October 14, 1977, was the release date for David Bowie’s Heroes album. It was his second collaboration with Brian Eno — Low had been released earlier in January. Both albums were recorded at Hansa Tonstudio in West Berlin, located alongside the Berlin Wall (known as Hansa by the Wall, it’s where U2 would record Achtung Baby 15 years later… after the Wall had fallen).
Heroes continued Bowie’s and Eno’s exploration of expressionistic instrumentals and avante-garde arrangements influenced by German synth-pop and post-punk sounds (“krautrock”). Bowie said of the album, “It’s louder and harder and played with more energy [than Low ] …” Much of that was due to guitarist Robert Fripp’s involvement with the album. He added burning sonics to complement guitarist Carlos Alomar.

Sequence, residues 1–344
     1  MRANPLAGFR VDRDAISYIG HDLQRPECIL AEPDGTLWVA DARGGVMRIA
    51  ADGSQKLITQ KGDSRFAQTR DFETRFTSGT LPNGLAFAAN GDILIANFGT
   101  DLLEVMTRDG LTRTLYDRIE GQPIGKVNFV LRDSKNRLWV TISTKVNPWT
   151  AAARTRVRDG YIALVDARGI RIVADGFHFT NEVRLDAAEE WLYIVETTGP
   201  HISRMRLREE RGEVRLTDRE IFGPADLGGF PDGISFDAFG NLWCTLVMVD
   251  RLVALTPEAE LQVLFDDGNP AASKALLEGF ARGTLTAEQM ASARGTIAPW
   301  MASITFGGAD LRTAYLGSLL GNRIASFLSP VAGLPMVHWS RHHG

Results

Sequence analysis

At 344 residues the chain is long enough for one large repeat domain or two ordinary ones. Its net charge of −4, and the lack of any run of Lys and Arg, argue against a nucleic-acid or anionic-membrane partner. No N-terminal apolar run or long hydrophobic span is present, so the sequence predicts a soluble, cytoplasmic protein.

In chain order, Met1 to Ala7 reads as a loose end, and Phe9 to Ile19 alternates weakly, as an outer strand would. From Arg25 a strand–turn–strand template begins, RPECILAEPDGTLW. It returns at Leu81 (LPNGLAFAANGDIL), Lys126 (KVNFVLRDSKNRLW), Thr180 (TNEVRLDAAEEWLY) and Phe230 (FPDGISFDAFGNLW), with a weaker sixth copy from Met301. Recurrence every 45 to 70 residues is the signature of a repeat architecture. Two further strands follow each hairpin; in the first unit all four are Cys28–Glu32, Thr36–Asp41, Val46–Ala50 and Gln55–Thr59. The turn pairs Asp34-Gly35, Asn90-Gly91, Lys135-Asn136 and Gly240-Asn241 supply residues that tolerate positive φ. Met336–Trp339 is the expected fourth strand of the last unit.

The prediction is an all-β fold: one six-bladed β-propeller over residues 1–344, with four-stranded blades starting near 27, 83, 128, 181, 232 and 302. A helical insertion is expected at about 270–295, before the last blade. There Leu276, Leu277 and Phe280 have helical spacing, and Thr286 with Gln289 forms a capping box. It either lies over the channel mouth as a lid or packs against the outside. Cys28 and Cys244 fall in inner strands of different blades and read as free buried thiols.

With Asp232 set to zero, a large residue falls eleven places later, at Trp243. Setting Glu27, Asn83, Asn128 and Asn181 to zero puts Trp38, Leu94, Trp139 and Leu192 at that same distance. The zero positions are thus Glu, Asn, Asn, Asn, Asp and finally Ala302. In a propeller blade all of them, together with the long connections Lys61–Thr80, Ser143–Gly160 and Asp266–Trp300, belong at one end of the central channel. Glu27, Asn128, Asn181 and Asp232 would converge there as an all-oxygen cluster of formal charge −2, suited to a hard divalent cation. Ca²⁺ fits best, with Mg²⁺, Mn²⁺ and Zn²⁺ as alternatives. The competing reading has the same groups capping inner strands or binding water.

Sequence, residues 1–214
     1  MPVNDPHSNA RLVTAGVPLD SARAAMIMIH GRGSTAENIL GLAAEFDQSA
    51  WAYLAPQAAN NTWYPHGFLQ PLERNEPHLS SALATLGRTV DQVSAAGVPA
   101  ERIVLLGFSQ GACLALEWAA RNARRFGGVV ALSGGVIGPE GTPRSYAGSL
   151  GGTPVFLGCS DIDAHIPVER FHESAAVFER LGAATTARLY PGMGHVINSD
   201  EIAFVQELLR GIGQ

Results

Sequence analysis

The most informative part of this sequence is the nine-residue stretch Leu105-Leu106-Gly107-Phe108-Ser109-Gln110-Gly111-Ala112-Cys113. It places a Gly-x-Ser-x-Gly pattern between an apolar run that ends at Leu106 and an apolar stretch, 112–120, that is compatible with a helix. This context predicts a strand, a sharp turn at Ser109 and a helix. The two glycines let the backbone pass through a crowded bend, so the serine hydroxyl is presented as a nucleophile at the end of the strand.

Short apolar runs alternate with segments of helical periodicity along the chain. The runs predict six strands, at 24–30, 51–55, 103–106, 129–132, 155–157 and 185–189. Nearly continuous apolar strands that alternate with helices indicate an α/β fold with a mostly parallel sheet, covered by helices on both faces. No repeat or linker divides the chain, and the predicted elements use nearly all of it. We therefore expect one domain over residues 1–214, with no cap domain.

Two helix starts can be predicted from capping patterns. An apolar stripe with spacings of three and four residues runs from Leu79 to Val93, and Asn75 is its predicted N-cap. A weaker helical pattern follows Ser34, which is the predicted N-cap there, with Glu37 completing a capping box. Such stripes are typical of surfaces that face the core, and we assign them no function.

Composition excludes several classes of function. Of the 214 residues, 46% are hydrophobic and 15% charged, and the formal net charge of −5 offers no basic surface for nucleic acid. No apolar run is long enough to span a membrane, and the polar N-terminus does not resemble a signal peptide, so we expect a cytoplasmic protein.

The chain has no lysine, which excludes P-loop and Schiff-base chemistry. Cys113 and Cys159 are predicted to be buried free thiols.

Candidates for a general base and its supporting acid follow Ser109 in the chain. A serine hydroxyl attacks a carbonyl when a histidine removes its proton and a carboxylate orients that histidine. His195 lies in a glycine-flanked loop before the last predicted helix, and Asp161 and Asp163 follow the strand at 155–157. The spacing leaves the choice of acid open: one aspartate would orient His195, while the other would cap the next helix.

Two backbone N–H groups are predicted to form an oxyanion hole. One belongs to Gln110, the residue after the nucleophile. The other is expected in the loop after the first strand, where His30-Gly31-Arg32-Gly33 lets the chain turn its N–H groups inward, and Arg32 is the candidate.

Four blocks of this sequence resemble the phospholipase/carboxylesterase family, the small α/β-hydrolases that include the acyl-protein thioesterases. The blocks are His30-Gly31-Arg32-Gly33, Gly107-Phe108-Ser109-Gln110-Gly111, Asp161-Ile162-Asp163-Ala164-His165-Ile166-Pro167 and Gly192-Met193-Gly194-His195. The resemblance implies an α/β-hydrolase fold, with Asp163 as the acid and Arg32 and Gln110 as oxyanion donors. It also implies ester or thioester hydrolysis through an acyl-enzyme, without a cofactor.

The title track is often acclaimed to be one of Bowie’s best songs. Amid Alomar’s viola-sounding riff and Fripp’s grinding buzzing, Bowie’s vocals start off in a conversational croon but climax with a heart-wrenching operatic cry. Bowie said the idea for the song came from his daily observation of two lovers who met over the lunch hour at the Wall under a guard turret — the same guard turret every day at lunchtime. As the couple embraced, he imagined the backstory to their relationship.
RCA Records marketed the LP as “There’s Old Wave. There’s New Wave. And there’s David Bowie…” Heroes would be named Album of the Year by NME magazine, it would peak at #35 on The Billboard 200, and John Lennon would say in 1980, as he was making Double Fantasy, that he hoped “to do something as good as Heroes.”